I want to thank the families of Uvalde for inviting me to meet with them just last week. Having heard from them directly - and taking into account the findings of our investigative committee - we have insights to inform our decisions. This is going to be an especially tough conversation, but this body has proven capable of handling tough conversations in the past. I am confident we will do so again.
As we work to make Texas an even better place to raise a family, we must acknowledge there is true suffering in society, and we have to make things better for those families in the toughest situations. The most important thing to do, certainly, is to ensure our economy continues to generate quality jobs and meaningful wages. After all, an opportunity to provide for one's family is a powerful motivator, no matter where one is in life.
At the same time, let us not forget people who need more than just a job. Even with a vibrant economy, a single parent who can work, afford childcare, healthcare, transportation and housing, is indeed rare. How can we improve their lives and their children's futures? Tax-free diapers, wipes and other childcare supplies would be a great start, and so would ensuring health coverage for new moms that lasts - not sixty days, not six months but a full year.
Starting today, I represent Jasper County. Last week, I read a story about the local county hospital joining the 60% of rural Texas hospitals that no longer deliver babies. Mothers in rural areas now face hour-long drives for basic services. We should not leave this session without a firm commitment to reversing this trend. Because in my dictionary, the definition of "pro-life" includes ensuring access to affordable healthcare for all, especially Texas mothers and their babies.
To show the Texas House is committed to the maternal health of our own staff this session, I am proud to announce we are now offering additional resources to guarantee twelve full weeks of paid maternal and paternal leave for those working in this chamber this session.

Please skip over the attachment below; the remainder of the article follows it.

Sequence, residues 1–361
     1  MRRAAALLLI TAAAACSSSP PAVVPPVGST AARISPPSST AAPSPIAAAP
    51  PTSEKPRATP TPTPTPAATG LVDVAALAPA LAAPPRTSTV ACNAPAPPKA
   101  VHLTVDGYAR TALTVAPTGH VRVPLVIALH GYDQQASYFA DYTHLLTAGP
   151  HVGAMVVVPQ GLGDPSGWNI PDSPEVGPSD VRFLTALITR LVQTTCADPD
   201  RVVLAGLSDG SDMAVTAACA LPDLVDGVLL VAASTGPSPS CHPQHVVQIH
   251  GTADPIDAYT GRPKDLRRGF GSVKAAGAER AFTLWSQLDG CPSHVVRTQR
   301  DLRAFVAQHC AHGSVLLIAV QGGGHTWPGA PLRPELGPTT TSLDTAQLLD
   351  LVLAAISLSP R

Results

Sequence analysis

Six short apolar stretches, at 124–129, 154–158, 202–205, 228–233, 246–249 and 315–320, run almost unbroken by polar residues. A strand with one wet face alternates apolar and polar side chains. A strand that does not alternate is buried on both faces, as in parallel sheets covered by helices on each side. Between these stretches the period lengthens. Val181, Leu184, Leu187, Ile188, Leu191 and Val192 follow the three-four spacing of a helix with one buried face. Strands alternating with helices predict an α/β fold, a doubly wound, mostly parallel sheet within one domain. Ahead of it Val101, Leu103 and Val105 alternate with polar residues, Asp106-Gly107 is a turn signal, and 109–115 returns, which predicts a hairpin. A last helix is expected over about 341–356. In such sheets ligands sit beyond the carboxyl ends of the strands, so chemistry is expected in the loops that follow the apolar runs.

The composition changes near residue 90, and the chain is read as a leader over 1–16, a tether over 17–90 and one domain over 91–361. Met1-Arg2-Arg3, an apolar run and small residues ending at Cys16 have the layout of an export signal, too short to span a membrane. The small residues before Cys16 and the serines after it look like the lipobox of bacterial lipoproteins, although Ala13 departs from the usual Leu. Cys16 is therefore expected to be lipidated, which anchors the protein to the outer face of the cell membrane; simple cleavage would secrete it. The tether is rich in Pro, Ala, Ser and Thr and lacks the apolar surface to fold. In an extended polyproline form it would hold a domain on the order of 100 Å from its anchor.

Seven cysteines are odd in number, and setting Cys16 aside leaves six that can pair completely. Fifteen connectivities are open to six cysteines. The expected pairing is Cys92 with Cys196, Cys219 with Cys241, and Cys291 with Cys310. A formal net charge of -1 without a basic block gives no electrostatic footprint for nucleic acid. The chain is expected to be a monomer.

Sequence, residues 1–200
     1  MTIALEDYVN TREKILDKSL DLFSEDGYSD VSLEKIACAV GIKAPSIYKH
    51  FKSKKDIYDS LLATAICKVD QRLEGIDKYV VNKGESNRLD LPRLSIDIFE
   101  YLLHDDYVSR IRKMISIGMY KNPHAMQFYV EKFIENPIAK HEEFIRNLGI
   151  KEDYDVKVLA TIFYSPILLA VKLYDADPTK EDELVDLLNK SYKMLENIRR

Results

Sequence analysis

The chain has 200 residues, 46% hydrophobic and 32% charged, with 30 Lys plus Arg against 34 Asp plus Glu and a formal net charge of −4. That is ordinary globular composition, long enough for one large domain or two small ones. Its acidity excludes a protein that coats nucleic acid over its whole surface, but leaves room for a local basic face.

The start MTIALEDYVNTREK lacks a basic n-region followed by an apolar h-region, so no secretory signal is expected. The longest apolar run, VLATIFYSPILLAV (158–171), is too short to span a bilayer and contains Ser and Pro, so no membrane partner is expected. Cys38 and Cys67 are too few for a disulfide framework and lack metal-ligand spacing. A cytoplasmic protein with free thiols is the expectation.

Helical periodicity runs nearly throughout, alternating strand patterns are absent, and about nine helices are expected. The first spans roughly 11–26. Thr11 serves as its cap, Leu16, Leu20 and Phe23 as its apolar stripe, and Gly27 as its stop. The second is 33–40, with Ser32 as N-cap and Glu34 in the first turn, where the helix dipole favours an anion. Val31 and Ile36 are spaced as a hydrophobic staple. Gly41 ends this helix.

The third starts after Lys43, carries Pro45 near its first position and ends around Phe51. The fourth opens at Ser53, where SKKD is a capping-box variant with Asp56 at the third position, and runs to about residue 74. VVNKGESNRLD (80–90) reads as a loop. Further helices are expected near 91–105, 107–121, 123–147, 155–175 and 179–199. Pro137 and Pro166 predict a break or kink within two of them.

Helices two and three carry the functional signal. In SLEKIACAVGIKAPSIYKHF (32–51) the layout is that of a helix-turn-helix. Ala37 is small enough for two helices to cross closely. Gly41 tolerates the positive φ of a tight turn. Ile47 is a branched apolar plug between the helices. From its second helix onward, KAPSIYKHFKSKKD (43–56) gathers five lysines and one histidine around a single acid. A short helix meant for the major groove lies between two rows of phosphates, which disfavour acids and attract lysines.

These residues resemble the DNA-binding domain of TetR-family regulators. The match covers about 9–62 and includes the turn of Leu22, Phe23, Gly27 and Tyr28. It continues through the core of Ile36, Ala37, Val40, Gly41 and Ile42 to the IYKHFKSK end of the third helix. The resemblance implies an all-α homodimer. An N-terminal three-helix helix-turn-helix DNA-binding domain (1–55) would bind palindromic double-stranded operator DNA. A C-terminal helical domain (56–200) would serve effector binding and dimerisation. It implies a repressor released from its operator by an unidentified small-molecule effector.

Our names may be on the office door, but the men and women who serve in our capitol and district offices are the ones who do the heavy lifting. We must provide an environment that respects them and recognizes their value.
With rapid inflation, let us also retain them by finally increasing their salaries.
Making things better for all Texas families is how we deliver on the limitless potential for our state in every area, from gainful employment to public safety. That includes border security, which is certainly on the minds of our members, but especially for those who represent border communities.
We can all agree that our border towns have been bearing the brunt of Washington's failed immigration policies - some going as far as declaring themselves to be in a state of disaster. It is a legal and humanitarian crisis. Every Texas budget I have ever voted for has poured hundreds of millions, now billions, of dollars into the gap between federal policies and the realities on the ground. As stewards of every budget dollar, we must ensure our strategy not only fits the realities on the ground, but is truly, measurably effective.
We must also acknowledge the additional threats posed by a porous border. More than 1,600 Texans died from fentanyl overdoses in 2021. That is 1,600 too many. Before more Texas families get that heartbreaking call, we must stop the cartels in their tracks. And we will
Members, though we may face many challenges this session, there will be even more opportunities. The work is hard, but it is worthwhile. The work is demanding, but it is noble. The work is necessary, and, because we have the privilege of doing it for the people of Texas, I know we will get it done together.
It is a privilege to serve as a member of this distinguished body, and I am once again humbled by the opportunity to serve as your Speaker. Thank you for this enormous honor and thank you for serving this great state. May God bless you and May God bless the great State of Texas.